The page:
Frequent Traveller Nightmare Part 2: Traveller heal thyself

As I wrote, some people are not in a position to slow their travel.  Sales people need to see customers, and indeed there is a different social dynamic that occurs in person versus remote.  However.

If one visits a site like flyertalk.com, where one sees the sheer mountain of complaints against the airlines, there must clearly be a better way for many people.  There was a person at my company, for instance, who would commute to his customer in New York from the middle of England – on a weekly basis.  Apart from what that costs in terms of dollars to our company and greenhouse gas emissions, it costs the individual too.  Why didn’t the management hire someone in the New York area to do the job?  Why didn’t they insist that he use TelePresence?

Well, watch this space: video is really coming into its own.  Cisco has led the way with TelePresence, and is doing its level best to bring people closer together through introduction of new products and services like ūmi.  If video can be made cheap enough, it hopefully means an end to at least some routine business travel.  Better placement of resources would mean an end to much more.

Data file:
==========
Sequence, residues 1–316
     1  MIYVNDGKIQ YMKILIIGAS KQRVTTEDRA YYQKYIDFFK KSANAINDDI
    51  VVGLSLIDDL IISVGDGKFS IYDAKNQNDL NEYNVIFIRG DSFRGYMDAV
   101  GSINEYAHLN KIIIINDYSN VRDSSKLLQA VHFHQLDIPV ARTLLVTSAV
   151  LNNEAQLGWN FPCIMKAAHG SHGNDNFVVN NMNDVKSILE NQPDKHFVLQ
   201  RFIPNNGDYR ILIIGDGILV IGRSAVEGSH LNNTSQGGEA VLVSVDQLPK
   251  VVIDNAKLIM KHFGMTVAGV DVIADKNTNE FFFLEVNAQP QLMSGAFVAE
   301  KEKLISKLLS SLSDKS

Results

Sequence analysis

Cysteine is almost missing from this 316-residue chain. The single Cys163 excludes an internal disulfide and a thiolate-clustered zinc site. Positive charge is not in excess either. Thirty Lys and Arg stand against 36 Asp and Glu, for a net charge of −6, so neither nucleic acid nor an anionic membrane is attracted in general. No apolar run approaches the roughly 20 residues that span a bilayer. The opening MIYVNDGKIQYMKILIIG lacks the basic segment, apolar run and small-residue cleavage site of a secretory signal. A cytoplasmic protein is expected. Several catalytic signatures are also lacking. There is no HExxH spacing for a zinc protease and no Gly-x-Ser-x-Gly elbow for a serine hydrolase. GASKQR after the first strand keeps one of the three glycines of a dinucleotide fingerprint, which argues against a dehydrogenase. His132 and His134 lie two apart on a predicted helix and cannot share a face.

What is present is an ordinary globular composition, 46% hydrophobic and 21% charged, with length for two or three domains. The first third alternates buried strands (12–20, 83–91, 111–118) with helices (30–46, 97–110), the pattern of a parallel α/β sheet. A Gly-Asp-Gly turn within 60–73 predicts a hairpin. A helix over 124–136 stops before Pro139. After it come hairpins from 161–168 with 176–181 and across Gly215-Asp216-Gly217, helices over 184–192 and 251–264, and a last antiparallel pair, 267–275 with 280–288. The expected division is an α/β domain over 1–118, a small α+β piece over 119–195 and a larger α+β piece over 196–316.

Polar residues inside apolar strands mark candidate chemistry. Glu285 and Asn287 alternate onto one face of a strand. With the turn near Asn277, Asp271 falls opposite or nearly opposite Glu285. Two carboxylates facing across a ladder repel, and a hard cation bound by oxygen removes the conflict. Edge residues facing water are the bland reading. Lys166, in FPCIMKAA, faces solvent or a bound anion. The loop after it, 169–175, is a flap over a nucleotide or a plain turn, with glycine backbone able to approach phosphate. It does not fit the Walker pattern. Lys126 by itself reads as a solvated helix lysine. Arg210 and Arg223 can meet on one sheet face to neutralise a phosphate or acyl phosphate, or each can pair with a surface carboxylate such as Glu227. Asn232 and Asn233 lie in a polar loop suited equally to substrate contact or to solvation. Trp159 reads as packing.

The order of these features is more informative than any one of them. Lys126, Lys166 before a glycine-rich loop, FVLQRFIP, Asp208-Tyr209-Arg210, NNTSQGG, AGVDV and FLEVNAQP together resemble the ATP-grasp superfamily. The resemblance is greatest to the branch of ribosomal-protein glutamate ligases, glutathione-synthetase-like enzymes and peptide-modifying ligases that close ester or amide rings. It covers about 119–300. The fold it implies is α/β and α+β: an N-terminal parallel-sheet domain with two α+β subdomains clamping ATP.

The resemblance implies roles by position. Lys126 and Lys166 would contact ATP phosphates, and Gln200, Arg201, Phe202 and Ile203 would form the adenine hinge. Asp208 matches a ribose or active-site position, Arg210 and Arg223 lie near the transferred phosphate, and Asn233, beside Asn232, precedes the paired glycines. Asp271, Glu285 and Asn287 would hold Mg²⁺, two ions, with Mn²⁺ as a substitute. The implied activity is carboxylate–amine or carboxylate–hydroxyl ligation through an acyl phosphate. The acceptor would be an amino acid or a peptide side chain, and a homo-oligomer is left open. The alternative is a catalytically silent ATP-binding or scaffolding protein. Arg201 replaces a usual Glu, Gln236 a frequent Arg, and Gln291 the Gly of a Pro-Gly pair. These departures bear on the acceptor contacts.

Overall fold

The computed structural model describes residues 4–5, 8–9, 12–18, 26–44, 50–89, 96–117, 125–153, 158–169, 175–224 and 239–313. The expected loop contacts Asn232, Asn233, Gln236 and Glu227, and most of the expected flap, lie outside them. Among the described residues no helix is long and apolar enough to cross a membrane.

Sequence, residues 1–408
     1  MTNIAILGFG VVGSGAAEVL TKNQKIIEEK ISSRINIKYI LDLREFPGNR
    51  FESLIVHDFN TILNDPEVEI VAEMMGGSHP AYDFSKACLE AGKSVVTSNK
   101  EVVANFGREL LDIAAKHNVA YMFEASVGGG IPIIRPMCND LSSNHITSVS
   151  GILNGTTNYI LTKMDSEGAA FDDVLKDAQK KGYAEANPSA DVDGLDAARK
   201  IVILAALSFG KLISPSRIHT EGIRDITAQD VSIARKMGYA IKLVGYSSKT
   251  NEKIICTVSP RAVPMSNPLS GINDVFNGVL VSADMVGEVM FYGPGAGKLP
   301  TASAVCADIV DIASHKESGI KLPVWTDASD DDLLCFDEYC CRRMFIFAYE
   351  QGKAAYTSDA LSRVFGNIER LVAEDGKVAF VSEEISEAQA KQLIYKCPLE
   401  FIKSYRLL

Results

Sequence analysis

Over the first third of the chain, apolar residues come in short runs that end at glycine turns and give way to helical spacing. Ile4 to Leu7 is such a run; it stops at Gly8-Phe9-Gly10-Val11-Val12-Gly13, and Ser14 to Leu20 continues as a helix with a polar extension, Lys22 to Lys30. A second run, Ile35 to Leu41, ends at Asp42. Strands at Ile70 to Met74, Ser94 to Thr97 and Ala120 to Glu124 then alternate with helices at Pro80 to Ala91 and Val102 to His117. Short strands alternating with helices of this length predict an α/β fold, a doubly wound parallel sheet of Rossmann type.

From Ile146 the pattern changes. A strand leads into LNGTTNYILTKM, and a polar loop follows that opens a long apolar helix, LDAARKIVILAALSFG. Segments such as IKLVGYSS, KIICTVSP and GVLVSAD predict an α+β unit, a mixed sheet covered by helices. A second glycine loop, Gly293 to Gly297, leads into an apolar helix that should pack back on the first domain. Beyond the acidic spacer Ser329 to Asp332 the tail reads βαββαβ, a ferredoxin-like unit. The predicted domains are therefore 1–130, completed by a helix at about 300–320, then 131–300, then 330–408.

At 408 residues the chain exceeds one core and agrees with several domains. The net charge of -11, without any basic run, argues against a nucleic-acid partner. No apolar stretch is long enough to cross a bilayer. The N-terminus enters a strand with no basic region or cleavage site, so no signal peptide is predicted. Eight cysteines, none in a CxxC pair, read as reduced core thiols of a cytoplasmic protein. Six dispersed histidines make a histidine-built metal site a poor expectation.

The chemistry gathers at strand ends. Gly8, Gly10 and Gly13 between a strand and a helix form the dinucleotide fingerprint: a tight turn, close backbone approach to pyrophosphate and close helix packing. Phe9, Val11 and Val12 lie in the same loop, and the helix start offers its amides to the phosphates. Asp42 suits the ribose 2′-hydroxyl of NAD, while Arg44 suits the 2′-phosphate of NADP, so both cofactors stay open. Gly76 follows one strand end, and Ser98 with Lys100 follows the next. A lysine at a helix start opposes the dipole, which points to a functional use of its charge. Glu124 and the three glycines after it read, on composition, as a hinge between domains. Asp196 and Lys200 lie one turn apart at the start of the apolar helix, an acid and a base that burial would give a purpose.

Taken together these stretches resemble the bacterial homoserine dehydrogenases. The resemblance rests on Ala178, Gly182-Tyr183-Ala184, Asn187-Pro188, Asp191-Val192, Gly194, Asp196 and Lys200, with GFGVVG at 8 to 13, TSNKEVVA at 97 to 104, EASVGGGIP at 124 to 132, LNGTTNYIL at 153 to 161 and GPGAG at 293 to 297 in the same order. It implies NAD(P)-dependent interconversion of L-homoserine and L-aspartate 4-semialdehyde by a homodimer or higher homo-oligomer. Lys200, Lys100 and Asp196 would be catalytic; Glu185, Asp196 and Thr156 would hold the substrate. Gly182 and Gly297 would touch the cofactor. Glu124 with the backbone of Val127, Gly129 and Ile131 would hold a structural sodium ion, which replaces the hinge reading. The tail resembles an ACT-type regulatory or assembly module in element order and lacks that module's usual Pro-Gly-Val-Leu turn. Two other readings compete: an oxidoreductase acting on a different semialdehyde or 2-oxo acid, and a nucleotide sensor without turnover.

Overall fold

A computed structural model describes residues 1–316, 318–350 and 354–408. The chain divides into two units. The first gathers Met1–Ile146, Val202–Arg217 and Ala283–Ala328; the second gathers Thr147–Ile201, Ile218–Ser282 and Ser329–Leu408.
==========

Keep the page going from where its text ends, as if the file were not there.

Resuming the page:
But beyond that, all of these people who complain about business travel on that web site look at it as if there is nothing they can do about it.  Really- to read someone who travels over 100,000 miles a year and took the time to complain leads me to ask the question I asked myself when I found myself miserably traveling: why travel if it is so miserable?  How about not traveling?  Or at least not flying?  Or at least reducing the amount you fly?  You’ll make yourself happier, spend less money, and reduce carbon emissions.

Here’s one reason not to stop flying: sending a message to the airlines.  They don’t care.  Not only don’t they care, but they’ve learned how to make money no matter what passenger demand they have, through the ability to easily adjust their fleet size, furlough employees, and cancel flights.  Load factor is the only thing they care about.  You can’t affect it.

By the way, people might think I find the airline industry uninteresting.  I don’t.  I think it’s fascinating, how planes are designed, how they’ve learned to make money in the worst of times, and how they’ve consolidated themselves into an oligopoly.  But I’ll watch from a distance as best I can, thank you very much.

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